The Battle of Qohor (around 100 B.L. (1)) is also known as the tale of the Three Thousand of Qohor. The Dothraki horselord Khal Temmo led his khalasar east and sacked and burned every city in their path. His host numbered at least 50.000, half of them warriors.
Aware of his advance, the Qohorik strengthened their walls, doubled their garrison, and hired two companies, the Bright Banners and the Second Sons. They also sent a man to Astapor to buy 3.000 Unsullied.
But it was a long march back to Qohor, and when the Unsullied finally reached the city at night, it had already been attacked. The Qohorik heavy cavalry had been annihilated, and the sellsword companies had fled in the face of hopeless odds.
Because of the darkness, the Dothraki had retired to their camps to drink and feast. But they were going to storm and sack the city as soon as dawn broke.
The Qohorik were prepared however, and 3.000 Unsullied were arrayed in battle formation before the city gates, as the Dothraki approached the city next dawn.
Although the small force of Unsullied could easily have been outflanked, the Dothraki launched a direct frontal assault, in an attempt to simply ride down the heavy infantry. The Dothraki's contempt for infantry was reflected in their simple, but flawed tactics.
Despite being faced with 20.000 Dothraki light-cavalry, the Unsullied didn't lose heart and stood firm. The Dothraki cavalry charged their front 18 times, and their horse-archers showered them thrice with heavy missile volleys, but the Unsullied still didn't break.
The Dothraki finally halted their attacks after the Khal, his bloodriders and sons had been killed. Their losses were staggering: 12.000 dead. Only 600 Unsullied remained, but the victory was theirs nonetheless.
Four days later, the new khal led his remaining khalasar past the city gates in a stately procession. Each man cut off his braid (2) and threw it down before the Unsullied.
Since then, the city guard of Qohor had been made up solely of Unsullied, with a braid of human hair hanging from their spears.
How could it be that 20.000 mounted Dothraki were unable to defeat 3.000 Unsullied? And why didn't the Dothraki try to or manage to outflank their enemy? Ser Jorah explains that it was the Dothraki's contempt for foot that made them resort to frontal attacks only, but I find it hard to believe that was the only reason. After all, 18 failed attempts should have convinced the Dothraki commander to try another, less direct approach.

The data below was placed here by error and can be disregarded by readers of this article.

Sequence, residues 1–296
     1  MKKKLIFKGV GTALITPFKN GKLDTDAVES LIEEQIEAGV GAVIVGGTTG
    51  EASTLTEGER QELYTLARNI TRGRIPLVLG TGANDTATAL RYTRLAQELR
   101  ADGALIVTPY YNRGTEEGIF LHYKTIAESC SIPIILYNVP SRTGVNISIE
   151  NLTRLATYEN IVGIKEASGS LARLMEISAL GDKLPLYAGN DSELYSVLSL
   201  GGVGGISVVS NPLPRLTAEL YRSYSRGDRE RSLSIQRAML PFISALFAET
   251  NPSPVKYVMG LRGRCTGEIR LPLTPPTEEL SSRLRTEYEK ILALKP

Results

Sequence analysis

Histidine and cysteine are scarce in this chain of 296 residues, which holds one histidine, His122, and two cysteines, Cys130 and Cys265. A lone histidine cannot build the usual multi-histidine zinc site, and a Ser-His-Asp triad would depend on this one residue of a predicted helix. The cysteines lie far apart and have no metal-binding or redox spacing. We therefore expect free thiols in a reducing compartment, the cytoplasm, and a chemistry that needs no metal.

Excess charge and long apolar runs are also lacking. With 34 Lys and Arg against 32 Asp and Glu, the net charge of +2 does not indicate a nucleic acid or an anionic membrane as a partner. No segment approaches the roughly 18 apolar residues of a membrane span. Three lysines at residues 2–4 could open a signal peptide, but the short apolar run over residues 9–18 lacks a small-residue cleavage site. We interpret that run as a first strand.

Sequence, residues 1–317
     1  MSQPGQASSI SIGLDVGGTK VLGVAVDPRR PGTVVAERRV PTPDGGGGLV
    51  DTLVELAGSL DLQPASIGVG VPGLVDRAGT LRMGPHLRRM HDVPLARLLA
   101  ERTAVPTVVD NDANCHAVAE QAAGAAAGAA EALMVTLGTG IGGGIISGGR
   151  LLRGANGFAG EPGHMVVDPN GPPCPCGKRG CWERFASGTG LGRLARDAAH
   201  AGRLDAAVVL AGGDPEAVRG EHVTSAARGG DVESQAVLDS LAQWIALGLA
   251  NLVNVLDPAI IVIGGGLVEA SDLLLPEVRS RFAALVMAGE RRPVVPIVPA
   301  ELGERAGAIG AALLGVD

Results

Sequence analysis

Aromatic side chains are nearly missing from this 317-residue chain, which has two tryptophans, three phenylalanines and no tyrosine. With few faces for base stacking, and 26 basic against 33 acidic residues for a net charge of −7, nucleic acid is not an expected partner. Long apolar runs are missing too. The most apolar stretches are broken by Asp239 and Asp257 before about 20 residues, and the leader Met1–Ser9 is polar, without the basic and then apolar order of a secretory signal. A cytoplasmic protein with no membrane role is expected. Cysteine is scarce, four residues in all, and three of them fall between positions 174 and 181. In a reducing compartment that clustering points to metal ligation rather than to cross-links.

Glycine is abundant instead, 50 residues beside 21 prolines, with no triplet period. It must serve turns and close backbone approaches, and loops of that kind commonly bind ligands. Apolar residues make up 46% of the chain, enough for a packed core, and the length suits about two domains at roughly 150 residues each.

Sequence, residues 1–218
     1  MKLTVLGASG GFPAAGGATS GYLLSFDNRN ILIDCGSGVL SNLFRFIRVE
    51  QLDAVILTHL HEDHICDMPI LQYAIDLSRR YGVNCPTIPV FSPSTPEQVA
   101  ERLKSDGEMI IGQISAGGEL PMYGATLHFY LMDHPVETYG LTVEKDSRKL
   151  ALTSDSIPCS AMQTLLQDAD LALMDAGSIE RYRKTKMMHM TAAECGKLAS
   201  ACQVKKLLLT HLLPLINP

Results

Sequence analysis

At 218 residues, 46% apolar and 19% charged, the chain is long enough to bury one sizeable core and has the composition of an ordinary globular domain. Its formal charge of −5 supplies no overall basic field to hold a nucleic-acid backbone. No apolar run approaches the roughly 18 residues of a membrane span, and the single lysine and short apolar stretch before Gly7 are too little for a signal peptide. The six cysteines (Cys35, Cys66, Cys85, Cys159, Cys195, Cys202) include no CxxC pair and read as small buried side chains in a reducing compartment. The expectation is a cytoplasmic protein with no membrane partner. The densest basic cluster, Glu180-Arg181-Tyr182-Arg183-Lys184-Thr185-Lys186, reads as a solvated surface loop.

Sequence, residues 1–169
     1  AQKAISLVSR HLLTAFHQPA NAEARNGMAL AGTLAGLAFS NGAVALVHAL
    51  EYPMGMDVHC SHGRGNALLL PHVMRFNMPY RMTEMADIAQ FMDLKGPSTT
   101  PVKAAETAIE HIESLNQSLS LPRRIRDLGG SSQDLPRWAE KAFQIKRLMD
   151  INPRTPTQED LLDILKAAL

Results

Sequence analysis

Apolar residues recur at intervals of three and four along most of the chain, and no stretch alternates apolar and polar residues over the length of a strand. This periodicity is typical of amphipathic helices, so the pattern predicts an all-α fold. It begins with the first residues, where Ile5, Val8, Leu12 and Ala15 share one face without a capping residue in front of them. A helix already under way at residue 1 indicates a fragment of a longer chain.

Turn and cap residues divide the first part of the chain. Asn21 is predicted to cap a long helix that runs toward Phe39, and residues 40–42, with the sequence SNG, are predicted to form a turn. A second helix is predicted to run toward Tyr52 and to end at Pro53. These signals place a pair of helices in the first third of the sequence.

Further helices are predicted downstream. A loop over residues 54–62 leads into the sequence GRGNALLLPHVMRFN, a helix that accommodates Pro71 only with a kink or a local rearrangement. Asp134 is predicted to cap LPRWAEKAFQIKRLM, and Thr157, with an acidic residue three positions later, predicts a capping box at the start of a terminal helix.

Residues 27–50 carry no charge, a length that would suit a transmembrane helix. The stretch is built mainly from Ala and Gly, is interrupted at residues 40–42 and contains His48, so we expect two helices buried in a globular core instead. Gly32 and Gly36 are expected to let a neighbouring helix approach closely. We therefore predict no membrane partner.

Apart from the fact that heavy infantry can resist a heavy cavalry charge (even if the Dothraki used stirrups), one explanation could be that the Unsullied's position was so strong that flank-attacks were either impossible or difficult to execute. A hill would, for example, give them the advantage of fighting downhill, and it would also provide some protection on their flanks. A natural obstacle would of course make flank attacks impractical or impossible, and an uneven ground would hamper their advance. The Unsullied knew what they were up to, so it's no wonder that they'd seek a strong, defensive position.
At that time the Dothraki probably had little experience fighting disciplined, heavy infantry, because the attack on Qohor was part of their first western raiding campaigns. Their light cavalry was also highly unsuitable for frontal attacks, because of their light armor (if any, because the Dothraki considers armor fit only for cowards). It is also worth noting that the Dothraki only attacked thrice using missiles, which strongly suggests that they ran out of arrows, and the only offensive option left was shock action, a mode of combat in which the Unsullied were superior. Of course, they also had the option to simply retreat or surrender, which in my opinion would have been the wisest thing to do because they faced a strong defensive force and they lacked the option of attacking the enemy at the flanks or in the rear.
Their leader, Khal Temmo, obviously didn't know how to handle this new and unexpected situation, but refused to give up despite tremendous losses. Ultimately, it cost him his life. His lack of tactical skills, his overconfidence and his narrow-mindedness stand in contrast to the traditionally skilled commanders of the Mongol steppe-people (of whom Ghengis Khan is the best known), who were in many ways the historical, real-life counterparts to the Dothraki.
(1) In order to put the events depicted in ASoIaF into a chronological perspective, I've decided to use the year of Aegon I's landing in Dragonstone as a chronological reference. B.L. stands for "before Aegon I's landing", and A.L. stands for "after Aegon I's landing". Most of the events in the three first novels occur between 296-299 A.L.
(2) The Dothraki custom is to cut their braids when they lose a battle.